Out of Africa comes this collection of masks and figures integral to traditional tribal ceremonies. Imbued with stylized detail and tremendous depth of meaning, these handcrafted items enchant collectors worldwide.
Carved out in this collection are masks and figures integral to traditional ceremonies from tribes around the world. Given their geometrics designs, it is no wonder these artifacts are widely exhibited alongside modern sculptures.
The Dogon people, who dwell in the central plateau region of Mali, in western Africa, are known for their wooden sculpture and architecture. Two door locks in the collection represent a combination of the two. The more detailed of the two is made of wood and metal and depicts a primordial couple. It was acquired in situ by Jerry Vogel of New York City, who was a longtime associate for the Museum for African Art.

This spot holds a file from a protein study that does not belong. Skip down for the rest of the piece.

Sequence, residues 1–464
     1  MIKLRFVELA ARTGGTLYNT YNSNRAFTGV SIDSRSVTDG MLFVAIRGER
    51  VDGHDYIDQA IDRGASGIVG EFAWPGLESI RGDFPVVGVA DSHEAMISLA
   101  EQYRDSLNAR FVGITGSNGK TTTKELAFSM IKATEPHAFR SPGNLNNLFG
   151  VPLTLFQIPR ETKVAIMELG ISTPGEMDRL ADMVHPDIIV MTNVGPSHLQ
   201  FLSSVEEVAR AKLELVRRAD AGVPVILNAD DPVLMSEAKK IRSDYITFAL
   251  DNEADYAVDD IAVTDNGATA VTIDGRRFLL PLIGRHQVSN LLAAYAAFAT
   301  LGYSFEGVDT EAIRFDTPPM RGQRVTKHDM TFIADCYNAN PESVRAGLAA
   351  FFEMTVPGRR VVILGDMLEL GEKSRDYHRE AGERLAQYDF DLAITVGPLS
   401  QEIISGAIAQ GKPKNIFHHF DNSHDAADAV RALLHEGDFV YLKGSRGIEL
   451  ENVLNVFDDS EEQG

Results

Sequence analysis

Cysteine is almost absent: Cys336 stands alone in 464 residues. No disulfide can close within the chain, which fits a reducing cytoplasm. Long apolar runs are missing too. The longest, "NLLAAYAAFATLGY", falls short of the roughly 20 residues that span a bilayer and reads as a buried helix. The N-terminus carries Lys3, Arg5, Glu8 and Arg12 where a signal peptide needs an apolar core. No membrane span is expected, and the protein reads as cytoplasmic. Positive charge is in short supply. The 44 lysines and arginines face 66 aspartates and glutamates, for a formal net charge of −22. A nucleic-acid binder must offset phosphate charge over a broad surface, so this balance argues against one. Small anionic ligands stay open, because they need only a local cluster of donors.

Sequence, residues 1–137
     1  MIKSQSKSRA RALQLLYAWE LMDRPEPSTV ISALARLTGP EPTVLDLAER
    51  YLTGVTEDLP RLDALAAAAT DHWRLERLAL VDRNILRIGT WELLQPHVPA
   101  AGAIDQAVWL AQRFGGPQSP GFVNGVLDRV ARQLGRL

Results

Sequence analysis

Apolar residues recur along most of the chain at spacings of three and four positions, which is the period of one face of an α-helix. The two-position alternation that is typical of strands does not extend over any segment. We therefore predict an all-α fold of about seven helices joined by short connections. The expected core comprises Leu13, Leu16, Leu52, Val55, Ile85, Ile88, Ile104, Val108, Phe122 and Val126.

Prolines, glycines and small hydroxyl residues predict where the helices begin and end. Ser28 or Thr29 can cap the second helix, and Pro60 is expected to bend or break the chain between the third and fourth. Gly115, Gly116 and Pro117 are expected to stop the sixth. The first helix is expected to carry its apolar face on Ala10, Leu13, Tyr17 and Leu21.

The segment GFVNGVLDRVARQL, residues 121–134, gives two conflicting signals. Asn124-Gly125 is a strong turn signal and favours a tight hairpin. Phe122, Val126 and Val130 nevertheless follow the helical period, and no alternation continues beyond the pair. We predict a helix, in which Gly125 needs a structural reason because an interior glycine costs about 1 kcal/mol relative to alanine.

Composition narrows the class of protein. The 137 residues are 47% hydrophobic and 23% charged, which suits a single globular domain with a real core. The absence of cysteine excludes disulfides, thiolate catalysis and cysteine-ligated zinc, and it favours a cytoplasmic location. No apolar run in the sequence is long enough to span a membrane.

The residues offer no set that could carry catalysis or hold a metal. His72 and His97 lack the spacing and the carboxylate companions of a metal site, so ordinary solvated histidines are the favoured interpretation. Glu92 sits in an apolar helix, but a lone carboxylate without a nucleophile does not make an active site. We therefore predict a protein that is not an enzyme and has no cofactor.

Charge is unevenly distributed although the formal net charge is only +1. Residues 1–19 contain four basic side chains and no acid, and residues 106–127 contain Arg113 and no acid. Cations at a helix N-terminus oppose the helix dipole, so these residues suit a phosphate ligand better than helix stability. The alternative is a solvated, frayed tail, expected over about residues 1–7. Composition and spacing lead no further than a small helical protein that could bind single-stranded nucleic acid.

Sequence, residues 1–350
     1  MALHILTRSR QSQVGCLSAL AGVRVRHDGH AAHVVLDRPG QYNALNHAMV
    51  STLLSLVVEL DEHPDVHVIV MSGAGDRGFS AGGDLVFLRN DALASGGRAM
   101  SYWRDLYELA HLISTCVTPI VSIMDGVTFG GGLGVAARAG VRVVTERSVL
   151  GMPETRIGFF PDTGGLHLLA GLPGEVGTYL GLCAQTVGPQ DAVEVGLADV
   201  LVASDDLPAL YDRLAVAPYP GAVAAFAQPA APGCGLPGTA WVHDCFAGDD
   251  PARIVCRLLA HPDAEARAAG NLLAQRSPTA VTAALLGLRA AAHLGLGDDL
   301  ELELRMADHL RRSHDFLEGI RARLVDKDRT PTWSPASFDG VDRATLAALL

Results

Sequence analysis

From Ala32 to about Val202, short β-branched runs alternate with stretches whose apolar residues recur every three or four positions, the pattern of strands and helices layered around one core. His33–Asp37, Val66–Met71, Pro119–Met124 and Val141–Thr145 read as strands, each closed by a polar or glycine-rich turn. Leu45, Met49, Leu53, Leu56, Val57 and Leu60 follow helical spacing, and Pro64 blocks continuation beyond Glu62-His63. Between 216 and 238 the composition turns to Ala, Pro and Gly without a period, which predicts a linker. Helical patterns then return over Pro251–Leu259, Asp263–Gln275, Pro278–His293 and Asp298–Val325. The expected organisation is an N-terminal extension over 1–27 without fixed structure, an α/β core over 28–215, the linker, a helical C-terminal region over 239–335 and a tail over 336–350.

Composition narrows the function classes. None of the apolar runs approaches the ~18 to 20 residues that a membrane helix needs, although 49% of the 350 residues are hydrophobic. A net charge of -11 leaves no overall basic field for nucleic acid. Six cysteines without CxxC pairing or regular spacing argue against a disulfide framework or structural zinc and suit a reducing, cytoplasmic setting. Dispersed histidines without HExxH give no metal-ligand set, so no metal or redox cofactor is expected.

More than a dozen masks are in this collection. One of the most dramatic is a polychrome mask from the Igala people of Nigeria. Carved of medium-density wood, this mask shows much evidence of having years of use. A custom mount is also included.
Just as visually arresting is an Atwonzen beaded head by the Bamileke people of Grassfields, Cameroon. This item made of fiber and glass beads is from the fabled Merton D. Simpson collection.
An unusual decoy used by hunters in the grasslands of northeast Nigeria and southwest Niger represents the often-encountered Abyssinian ground hornbill. Hunters wore such decoys on their heads to mask their approach to antelope, buffalo and other game.
An anthropomorphic pipe from the Mangbetu people of the Democratic Republic of the Congo represents a bearded man. From a New York City private collection, this pipe was acquired in Belgium before 1974.
The piece with the highest estimated value in this collection is a Tampulma or Vagala mask made of wood and decorated with indigenous pigments.
Additional items in this collection include knives, tribal currency and sculpture. Explore these treasures here.